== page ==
|Citizens select fruit at a supermarket in Changchun, capital of northeast China's Jilin Province, Jan. 11, 2013. China's Consumer Price Index (CPI), the main gauge of inflation, grew by 2.5 percent in December 2012 year on year, the State Bureau of Statistics announced on Jan. 11, 2013. The growth rate was 0.5 percentage points higher than last November. (Xinhua/Lin Hong)
BEIJING, Jan. 11 (Xinhua) -- China's consumer price index (CPI), a main gauge of inflation, grew 2.5 percent year on year in December, the fastest pace since June, the National Bureau of Statistics (NBS) announced Friday.
The inflation rate increased from 2 percent in November and 1.7 percent in October as food prices increased.
China's CPI rose 2.6 percent last year, well below the government's annual target of keeping inflation under 4 percent, according to an NBS statement.
On a month-on-month basis, December's CPI rose 0.8 percent from the previous month.
"The notable jump in December's CPI was largely attributable to a surge in food costs, especially vegetable prices," said Yu Qiumei, a senior statistician with the bureau.
Food prices, which account for nearly one-third of weighting in the calculation of China's CPI, rose 4.2 percent in December from one year earlier, pushing the CPI up 1.37 percentage points.
China is experiencing unusual cold winter, with national average temperatures reaching a 28-year low. Persistent icy weather has wreaked havoc in south China, disrupting traffic, damaging power facilities and affecting agricultural production.
Vegetable prices jumped 14.8 percent year on year in December as cold weather disrupted supplies, pushing the CPI up 0.41 percentage points.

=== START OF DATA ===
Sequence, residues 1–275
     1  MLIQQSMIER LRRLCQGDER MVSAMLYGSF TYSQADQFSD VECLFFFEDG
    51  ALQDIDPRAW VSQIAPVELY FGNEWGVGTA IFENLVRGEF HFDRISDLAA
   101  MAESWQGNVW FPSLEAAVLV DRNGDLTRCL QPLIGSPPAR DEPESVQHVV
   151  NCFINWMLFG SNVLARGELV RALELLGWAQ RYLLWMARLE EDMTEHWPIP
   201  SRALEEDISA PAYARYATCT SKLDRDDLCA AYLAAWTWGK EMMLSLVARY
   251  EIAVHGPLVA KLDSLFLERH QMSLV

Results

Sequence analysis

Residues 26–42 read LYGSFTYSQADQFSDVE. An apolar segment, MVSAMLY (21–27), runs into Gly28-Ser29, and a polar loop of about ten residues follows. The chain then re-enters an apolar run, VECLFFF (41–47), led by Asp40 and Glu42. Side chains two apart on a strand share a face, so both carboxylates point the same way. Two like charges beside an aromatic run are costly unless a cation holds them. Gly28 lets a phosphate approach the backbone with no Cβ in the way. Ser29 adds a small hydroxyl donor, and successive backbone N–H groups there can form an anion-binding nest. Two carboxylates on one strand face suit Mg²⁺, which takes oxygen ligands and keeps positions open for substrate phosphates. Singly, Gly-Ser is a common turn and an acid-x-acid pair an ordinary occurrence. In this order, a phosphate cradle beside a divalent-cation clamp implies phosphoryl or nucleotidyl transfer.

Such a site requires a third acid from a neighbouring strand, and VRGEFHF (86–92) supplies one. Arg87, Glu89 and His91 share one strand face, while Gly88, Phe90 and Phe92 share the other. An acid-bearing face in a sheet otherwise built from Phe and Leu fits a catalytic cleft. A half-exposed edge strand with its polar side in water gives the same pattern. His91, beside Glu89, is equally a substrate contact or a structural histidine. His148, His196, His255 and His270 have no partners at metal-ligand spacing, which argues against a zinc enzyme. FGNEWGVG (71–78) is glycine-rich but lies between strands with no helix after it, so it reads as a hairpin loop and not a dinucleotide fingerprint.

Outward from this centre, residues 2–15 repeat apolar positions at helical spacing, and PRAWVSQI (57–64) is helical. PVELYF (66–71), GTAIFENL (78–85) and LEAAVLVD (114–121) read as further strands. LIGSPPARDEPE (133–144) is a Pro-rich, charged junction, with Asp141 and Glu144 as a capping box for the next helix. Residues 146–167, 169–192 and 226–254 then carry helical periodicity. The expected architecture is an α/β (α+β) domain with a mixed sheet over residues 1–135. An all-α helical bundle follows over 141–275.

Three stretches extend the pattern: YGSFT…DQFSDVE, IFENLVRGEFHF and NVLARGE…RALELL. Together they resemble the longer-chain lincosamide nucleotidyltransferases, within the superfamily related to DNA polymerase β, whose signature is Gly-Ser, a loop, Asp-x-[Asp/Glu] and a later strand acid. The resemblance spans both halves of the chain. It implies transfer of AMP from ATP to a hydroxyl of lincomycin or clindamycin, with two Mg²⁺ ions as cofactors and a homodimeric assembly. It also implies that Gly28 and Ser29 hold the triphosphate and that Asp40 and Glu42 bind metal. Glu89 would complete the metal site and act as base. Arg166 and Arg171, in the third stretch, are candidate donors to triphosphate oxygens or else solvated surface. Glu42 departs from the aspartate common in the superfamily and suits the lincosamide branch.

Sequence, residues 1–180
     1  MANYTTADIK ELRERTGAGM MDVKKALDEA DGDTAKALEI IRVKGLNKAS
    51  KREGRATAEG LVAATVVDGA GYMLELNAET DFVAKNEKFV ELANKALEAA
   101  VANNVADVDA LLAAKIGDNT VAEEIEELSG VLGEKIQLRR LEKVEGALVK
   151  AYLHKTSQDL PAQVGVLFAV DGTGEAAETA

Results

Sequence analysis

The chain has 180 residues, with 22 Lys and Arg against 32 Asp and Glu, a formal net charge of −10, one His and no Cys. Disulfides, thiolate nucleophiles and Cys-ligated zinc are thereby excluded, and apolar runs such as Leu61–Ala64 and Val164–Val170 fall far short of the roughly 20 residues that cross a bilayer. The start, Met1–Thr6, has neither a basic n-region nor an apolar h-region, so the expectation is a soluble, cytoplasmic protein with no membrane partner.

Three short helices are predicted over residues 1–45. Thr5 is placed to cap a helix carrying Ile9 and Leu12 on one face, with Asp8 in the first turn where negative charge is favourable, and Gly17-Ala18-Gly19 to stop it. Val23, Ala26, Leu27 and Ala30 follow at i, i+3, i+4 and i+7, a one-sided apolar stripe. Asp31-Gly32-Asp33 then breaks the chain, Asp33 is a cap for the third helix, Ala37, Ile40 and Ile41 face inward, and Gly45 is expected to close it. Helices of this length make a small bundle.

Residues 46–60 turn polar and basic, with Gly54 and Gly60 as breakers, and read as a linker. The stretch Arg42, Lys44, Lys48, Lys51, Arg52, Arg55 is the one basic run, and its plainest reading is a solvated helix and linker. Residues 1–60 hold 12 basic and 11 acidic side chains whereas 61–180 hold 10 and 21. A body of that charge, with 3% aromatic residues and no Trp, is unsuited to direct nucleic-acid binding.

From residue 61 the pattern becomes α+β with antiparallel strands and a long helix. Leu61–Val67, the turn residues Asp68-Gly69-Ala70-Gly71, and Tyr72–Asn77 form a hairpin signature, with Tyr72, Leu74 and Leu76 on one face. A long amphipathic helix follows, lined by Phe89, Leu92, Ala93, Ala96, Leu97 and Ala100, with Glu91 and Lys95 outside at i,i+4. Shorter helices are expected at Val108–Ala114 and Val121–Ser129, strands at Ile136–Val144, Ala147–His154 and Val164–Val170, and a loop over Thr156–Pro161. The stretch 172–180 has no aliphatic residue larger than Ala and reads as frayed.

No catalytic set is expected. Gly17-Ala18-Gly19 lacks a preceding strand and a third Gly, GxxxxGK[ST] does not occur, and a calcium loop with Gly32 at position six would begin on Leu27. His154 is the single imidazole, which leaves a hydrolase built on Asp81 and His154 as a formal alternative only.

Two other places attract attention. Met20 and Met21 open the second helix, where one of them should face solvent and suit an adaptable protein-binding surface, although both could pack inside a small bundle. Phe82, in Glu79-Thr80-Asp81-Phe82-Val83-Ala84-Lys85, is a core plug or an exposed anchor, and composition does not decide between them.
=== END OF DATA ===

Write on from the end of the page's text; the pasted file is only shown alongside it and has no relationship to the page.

Prices for aquatic products gained 6.1 percent from one year earlier, according to the statement.
Excluding food prices, China's CPI edged up 1.7 percent.
"Food prices are likely to rise further due to the impact of the cold weather on vegetable production and transportation as well as the consumption rush during the upcoming Spring Festival," according to Yu.
Wang Jun, an expert with the China Center for International Economic Exchanges, said the country will face greater inflationary pressures in 2013 than in 2012.
"Pork prices will head into a new upward cycle this year. Inflation is likely to rise in the coming months, as a result of rising food prices, higher labor and land costs, quantitative easing in the industrial world and stabilizing domestic economic growth," Wang said.
He suggested the government stay vigilant against inflation, but ruled out the possibility of hyperinflation this year as the economy is undergoing a mild recovery and many industries will continue to face oversupply woes.
Wang said he expects the CPI to stay between 3 to 4 percent this year.
The NBS said in the same release that China's producer price index (PPI), which measures inflation at the wholesale level, fell 1.9 percent year on year in December.
This marks the 10th straight month of decline after the PPI dropped in March for the first time since December 2009.
The drop was smaller than the 2.2-percent decrease in November, indicating that the economy has been stabilizing.
With inflation poised for a moderate increase, the government may slow the pace of interest rate and reserve requirement ratio (RRR) cuts for fear of reigniting a price spiral.
In order to buoy growth, the central bank cut the RRR twice in 2012. It also lowered benchmark interest rates twice over the course of the year.
"The government should continue to keep a prudent monetary policy in 2013, and adopt a more proactive fiscal policy and extend tax cuts to stabilize economic growth," Wang said.
China's economy grew 7.4 percent in the July-September quarter from a year earlier, the slowest pace since the first three months of 2009 during the global financial crisis.
The NBS will release fourth-quarter gross domestic product figures, retail sales, fixed-asset investment and other key economic data next Friday.
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